Davos 2011: The optimism that dare not speak its name
The World Economic Forum in Davos, for five days the stomping ground for more than 2,000 of the world's richest and most powerful people, is over.
It's been an unusual Davos. Normally one big topic dominates the event, say trade or poverty, China, climate change or the credit crunch.
Usually there's also a scapegoat being chased through snowy Davos: big polluters, banks, hedge funds, private equity or sovereign wealth funds. It allows the assembled elites to go into a frenzy of chest beating, before going back to business as normal.
This year we had none of this - "probably a very healthy thing, it allowed us to talk about the issues," the chief executive of a FTSE 100 company told me.
'This may end badly'
If one really had to find a theme, it could be called "uncertainty", "volatility", "risk" or simply "nagging doubt".
Most Europeans and Americans may find it difficult to swallow, but 2010 was a really good year, not just for Davos man.
Most emerging economies have been growing at a fast pace. Many companies had to become leaner and more efficient during the crisis, and are now reaping the rewards.
Most of the bosses in Davos spoke of outstanding profits and were brimming with optimism; at times it felt as if they had to stop themselves from punching the air.
But with a few exceptions - like the banker who in a private session let down his guard and claimed that "boom times" were back again - they all had nagging doubts: Could all this be too good to be true?
Every admission of corporate success tempered with an aside that 2011 might not be quite as good, every forecast of economic growth came with a footnote that the recovery could be derailed by inflation, exchange rate fluctuations or trade wars.
One executive, in charge of a large multinational company, warned that volatility was "extremely up".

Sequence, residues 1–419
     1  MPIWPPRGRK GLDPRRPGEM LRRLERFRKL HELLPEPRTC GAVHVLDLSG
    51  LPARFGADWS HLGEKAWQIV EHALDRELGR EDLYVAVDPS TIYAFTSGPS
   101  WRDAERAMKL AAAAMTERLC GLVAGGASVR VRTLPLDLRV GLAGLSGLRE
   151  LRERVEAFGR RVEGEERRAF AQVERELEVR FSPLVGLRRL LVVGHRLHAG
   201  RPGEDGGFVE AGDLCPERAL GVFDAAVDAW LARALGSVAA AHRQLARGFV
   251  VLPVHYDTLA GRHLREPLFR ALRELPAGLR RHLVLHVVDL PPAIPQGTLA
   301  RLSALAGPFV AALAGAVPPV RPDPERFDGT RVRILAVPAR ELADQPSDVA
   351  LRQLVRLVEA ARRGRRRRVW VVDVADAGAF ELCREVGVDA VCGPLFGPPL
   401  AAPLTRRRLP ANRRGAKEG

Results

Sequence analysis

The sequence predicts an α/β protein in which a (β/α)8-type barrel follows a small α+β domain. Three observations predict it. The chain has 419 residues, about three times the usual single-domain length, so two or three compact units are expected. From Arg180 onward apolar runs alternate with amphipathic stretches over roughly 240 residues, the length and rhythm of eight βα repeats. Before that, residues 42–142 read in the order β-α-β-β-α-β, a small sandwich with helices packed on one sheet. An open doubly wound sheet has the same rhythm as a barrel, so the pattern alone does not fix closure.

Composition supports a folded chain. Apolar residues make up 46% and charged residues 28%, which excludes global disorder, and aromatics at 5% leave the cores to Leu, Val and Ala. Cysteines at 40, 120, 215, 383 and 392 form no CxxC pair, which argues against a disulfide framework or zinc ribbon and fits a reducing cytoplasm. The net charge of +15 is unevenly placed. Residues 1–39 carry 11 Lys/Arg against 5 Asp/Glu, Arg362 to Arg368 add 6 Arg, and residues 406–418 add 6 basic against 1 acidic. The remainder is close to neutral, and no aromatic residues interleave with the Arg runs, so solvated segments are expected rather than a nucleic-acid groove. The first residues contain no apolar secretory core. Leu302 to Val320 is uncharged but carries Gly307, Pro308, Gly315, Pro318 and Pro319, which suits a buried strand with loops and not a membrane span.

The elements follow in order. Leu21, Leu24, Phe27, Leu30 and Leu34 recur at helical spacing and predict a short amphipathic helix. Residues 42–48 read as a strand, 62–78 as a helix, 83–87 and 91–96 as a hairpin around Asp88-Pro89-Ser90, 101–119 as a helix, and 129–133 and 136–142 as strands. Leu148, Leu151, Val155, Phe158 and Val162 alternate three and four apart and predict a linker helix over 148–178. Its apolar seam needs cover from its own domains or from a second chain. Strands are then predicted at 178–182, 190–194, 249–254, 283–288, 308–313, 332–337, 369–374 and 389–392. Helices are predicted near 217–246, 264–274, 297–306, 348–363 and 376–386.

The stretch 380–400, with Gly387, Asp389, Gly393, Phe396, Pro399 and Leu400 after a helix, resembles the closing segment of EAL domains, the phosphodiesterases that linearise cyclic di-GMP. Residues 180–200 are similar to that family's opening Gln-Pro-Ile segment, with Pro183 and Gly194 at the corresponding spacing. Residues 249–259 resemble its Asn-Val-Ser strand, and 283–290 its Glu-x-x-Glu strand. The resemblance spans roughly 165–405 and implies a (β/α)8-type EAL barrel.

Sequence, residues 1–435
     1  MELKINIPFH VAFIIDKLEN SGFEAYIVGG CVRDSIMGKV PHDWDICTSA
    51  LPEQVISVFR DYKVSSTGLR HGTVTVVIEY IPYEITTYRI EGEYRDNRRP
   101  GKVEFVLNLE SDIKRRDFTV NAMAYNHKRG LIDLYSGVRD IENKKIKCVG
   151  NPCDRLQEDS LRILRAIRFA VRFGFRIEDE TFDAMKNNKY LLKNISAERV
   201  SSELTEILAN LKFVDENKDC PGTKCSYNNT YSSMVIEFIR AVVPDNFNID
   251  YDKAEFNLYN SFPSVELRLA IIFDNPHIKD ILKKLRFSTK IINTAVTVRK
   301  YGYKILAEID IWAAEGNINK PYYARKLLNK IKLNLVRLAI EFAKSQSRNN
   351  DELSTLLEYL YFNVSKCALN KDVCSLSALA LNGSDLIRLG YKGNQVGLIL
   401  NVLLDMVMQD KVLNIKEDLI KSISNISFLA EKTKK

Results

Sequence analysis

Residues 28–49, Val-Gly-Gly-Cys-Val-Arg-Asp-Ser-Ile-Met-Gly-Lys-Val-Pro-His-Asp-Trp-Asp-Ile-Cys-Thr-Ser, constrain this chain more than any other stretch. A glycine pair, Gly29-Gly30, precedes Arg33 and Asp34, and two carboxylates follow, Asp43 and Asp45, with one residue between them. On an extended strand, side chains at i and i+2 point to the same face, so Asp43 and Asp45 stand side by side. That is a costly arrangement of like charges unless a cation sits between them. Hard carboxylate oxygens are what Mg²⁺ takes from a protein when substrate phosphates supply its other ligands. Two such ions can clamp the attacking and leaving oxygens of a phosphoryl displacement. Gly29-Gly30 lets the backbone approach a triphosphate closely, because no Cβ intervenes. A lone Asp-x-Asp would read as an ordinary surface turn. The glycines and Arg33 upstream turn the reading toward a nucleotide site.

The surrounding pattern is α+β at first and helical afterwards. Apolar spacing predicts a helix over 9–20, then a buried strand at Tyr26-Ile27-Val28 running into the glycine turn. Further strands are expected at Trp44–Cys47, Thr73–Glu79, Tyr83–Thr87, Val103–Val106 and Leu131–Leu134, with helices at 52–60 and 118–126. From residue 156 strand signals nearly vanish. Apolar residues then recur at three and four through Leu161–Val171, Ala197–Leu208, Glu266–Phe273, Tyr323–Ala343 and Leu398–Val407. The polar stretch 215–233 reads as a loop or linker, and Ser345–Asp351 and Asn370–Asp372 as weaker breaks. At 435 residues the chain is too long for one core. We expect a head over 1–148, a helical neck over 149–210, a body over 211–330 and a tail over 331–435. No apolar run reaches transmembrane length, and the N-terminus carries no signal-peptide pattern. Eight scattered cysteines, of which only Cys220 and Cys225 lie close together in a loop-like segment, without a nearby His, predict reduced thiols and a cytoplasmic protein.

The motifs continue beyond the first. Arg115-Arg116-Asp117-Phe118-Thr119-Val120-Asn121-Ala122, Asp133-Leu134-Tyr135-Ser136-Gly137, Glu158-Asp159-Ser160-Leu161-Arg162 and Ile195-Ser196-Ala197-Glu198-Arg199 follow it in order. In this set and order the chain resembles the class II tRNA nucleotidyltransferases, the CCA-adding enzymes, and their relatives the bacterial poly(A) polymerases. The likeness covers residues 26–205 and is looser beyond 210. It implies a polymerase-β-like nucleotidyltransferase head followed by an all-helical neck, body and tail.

"I'm concerned that too many are too bullish, that this may end badly," he said during a session on "Globalisation 3.0".
Indeed, this year's Davos agenda looked a bit like a risk assessment form: Water scarcity? Check. War for talent? Check. India-China, friends or rivals? Check. Rebalancing the global economy? Tunisia, Egypt? Social Network addiction? Check. Check. Check.
As a result, companies find it difficult to plan ahead.
"In 2009, we had a visibility of one month ahead. In 2010 it was six months. Now it's at best a year, and that's really not long enough to make big investments," the chief executive of a large media company told me.
But risk harbours opportunity. Investors and especially hedge fund managers in Davos were hard at work trying to identify the big risks that would allow them to reap even bigger rewards.
The most important aspect of Davos, of course, is the networking: either planned well ahead with business partners and potential customers, or by chance, as participants cruise the hallways and crowd into sessions.
One African executive based in Lagos spoke of an amazing dinner he had had with the presidents of five African countries; back home it might be a challenge to set up a meeting with a minister.
Wandering through the conference centre it was easy to find economists and financial regulators discussing the finer points of macroeconomics, hear company bosses sketch deals, find ministers lobbying for investment or being lobbied for support, and observe the first tentative soundings for job opportunities.